I had the opportunity to meet Nora F. Murphy (TerraLuna co-founder) for the first time in the fall of 2015. At the time, I was a senior at The University of Alabama double majoring in English and African American Studies. That semester, I chose to take a timely and experimental class titled “#BlackLivesMatter” that Andy Johnson designed and taught in order to trace the origins of American disregard for black life, autonomy, and identity. For one class, Andy chose to invite Dr. Murphy to speak about her work as an activist with the Minneapolis chapter of Black Lives Matter. The way in which Dr. Murphy framed her approach to social justice and activism—as necessary components to a fulfilling and ethical life rather than interchangeable and vestigial accessories—truly resonated with me.
Prior to hearing Nora speak and taking Andy’s class, I had written articles critiquing inequality in various forms and worked on some small-scale demonstrations and organizing meetings. However, I found myself grappling with how to integrate my personal and political lives in order to become a more effective and efficient advocate for social justice. Nora and Andy’s beliefs and actions provided an example of how I could live a conscientious, kind, and determined life that orbited around activism in unexpected ways. In addition to political organizing, their work showed me that it was possible to use my research and academic training to facilitate positive, tangible changes in the lives of others.
That semester, I co-founded a movement titled We Are Done, which was a coalition of students, faculty, staff, and community members who sought to create new ways of addressing discrimination at The University of Alabama. In November 2015, we held a rally at Malone-Hood Plaza, the site of then-governor of Alabama George Wallace’s 1963 “stand in the schoolhouse door” against the integration efforts of Vivian Malone and James Hood. That day, we released a list of 11 demands that we designed in the hope of improving employment, academic, economic, and social conditions for students, faculty, and staff of all backgrounds at The University of Alabama. In February 2016, the founders of We are Done collaborated with The University of Alabama in opening the campus’s first Intercultural Diversity Center, which provides space for socially-inclusive training sessions, meetings, festivals, and forums.
After graduating, Nora offered me a position at TerraLuna Collaborative as an evaluator while I pursue my MA in Women’s Studies at The University of Alabama and, ultimately, my PhD. At TerraLuna, I am currently honing my evaluation skills, familiarizing myself with MAXQDA 12 as I code and read interviews of participants in Fetzer’s wellbeing initiative. This year, I will also begin conducting between 96 and 120 interviews with the 24 participants of Cohort 3 and writing up reports regarding our team’s findings.
Prior to working at TerraLuna, I was familiar with qualitative research (I was particularly interested in ethnography, sparked by a reading of Zora Neal Hurston’s classic Mules and Men). However, my experiences at TerraLuna have exposed me to their unique approach to qualitative evaluation methods, in which evaluators are encouraged to adjust their evaluation models as more information is gathered through interviews and other forms of data collection. This research approach recognizes and prioritizes the often-shifting nuances of human perspective. This allows for the generation of findings that are especially helpful both when analyzing human wellbeing as well as when developing effective forms of public policy that are critical to addressing structural inequality. In this sense, TerraLuna finds itself on the forefront of deftly integrating social justice and academic research in order to facilitate comprehensive solutions to enduring human problems.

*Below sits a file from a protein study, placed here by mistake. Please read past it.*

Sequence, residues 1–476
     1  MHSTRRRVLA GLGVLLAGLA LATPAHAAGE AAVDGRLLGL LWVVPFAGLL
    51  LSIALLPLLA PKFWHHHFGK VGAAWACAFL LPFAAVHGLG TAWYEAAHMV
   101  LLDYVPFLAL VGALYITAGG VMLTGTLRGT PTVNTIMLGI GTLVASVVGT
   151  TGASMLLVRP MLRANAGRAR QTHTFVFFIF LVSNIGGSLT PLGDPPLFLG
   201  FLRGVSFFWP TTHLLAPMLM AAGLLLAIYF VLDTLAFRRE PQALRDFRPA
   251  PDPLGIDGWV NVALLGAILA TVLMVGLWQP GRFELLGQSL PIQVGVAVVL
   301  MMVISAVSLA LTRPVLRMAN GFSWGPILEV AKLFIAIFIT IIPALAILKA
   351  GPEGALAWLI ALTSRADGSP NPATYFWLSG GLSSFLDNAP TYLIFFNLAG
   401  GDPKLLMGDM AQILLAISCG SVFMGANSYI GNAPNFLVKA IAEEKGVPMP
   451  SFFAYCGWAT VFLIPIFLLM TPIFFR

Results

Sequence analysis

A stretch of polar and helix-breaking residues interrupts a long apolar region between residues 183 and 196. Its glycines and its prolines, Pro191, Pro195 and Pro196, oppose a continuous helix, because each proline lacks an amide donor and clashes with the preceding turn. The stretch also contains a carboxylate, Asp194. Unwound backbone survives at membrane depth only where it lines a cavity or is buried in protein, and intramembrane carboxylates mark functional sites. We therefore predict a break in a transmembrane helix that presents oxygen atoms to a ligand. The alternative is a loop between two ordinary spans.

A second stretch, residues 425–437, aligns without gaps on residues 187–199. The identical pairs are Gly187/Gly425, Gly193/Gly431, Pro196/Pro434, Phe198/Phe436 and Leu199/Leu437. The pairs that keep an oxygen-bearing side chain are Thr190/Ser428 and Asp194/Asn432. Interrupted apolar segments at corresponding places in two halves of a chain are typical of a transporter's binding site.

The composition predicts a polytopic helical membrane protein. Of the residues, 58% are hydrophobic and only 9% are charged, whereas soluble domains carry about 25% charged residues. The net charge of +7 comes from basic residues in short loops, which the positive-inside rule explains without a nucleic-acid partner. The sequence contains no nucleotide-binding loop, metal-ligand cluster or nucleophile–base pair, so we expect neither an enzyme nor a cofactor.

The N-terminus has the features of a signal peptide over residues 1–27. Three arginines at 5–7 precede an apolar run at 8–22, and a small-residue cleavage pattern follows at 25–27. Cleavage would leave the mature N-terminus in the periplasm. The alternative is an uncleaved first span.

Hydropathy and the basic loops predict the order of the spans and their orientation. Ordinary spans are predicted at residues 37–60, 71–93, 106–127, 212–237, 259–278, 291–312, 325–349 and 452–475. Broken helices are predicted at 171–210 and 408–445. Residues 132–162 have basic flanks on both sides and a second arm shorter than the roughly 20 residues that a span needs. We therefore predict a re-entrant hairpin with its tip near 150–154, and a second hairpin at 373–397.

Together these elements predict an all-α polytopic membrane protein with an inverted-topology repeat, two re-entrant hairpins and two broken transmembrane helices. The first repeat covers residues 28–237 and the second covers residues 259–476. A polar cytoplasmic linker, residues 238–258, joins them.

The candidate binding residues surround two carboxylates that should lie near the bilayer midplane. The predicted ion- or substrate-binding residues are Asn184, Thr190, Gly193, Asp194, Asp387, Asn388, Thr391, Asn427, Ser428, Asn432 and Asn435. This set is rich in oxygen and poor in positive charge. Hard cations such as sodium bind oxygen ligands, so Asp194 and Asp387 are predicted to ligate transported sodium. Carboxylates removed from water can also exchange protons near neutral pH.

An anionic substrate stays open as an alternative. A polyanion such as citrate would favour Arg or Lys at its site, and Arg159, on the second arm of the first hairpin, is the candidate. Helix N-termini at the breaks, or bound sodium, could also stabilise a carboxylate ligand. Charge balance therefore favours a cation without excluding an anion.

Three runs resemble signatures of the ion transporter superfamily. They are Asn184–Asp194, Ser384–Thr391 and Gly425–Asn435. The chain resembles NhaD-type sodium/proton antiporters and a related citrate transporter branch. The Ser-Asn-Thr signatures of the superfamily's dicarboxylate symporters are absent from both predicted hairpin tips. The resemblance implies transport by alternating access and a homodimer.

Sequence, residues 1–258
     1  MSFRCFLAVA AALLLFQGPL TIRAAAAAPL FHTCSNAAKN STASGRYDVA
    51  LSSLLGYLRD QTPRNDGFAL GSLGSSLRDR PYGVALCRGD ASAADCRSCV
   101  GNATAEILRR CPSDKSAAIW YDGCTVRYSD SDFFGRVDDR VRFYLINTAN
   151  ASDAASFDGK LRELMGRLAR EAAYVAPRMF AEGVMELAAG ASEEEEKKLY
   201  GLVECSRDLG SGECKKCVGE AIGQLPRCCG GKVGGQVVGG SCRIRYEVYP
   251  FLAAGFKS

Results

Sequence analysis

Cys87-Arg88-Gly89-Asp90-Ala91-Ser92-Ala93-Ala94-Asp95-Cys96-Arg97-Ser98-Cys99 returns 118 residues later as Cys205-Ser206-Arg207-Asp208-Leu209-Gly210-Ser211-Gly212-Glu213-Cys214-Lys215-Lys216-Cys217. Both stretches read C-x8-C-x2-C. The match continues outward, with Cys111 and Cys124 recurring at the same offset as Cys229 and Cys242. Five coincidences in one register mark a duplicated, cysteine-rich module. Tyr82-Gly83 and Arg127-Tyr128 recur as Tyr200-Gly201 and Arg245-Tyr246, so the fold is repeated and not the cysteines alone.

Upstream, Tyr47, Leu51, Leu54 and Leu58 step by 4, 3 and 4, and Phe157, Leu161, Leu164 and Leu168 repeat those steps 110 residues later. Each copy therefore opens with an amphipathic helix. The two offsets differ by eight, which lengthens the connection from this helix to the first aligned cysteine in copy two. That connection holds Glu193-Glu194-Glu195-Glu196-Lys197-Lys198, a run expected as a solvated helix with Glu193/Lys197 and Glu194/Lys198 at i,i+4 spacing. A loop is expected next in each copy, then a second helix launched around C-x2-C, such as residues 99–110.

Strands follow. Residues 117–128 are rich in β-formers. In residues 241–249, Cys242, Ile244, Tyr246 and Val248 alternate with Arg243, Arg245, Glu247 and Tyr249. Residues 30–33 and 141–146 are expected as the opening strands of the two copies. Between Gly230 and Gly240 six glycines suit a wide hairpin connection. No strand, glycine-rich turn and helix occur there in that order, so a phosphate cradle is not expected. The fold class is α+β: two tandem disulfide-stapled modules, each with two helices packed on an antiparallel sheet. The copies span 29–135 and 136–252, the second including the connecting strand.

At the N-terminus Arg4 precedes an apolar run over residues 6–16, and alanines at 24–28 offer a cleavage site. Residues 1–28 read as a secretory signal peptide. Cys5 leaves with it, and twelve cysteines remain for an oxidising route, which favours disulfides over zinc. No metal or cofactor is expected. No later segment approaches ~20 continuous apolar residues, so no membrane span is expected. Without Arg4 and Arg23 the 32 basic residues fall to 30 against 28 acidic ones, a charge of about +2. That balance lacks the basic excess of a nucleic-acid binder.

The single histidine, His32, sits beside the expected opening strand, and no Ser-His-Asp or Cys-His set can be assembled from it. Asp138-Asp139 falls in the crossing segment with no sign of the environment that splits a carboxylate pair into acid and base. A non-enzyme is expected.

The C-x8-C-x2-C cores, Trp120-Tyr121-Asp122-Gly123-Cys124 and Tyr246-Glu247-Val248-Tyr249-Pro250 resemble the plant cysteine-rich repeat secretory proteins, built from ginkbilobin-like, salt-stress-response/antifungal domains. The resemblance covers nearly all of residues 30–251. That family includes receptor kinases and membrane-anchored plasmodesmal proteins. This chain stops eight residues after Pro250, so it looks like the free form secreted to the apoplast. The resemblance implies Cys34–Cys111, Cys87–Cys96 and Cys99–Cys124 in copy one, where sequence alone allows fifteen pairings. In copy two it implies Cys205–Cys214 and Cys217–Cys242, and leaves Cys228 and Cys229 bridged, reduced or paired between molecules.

In my own research, I am interested in the dynamics of race, gender, and economics that exist between institutions and individuals, specifically relating to the erasure or demonization of individuals who are either unable or unwilling to align themselves ideologically with institutions, may they be hip hop artists or Black Panther Party members. Furthermore, as an scholar, I intend to marry qualitative and quantitative research in a way that utilizes human testimony (especially the testimonies of the impoverished or marginalized) as a tool to generate research questions that quantitative data alone would not allow. TLC’s willingness to value qualitative research and ethnography as central components of its research design has been incredibly valuable to me as a scholar and an individual as I continue to learn new ways to ask questions that generate new and compelling responses.
About the Author
Amanda, an Atlanta native, is currently pursuing an MA in Women’s Studies at the University of Alabama. She is one of the cofounders of the We are Done student activist movement, which sought to address issues of racism and discrimination at the University of Alabama. As the former Campus Editor-at-Large for the Huffington Post, her articles have been cited by the Southern Poverty Law Center, Jezebel, Fusion, and Jet magazine. In the fall, she will begin applying to PhD programs in English literature and African American Studies.
Read more about Amanda Bennett in the New York Times’ February 1, 2016 article called Meet The New Student Activists. She is also the Huffington Post’s student and campus-editor-at-large for the University of Alabama and you can read her articles here.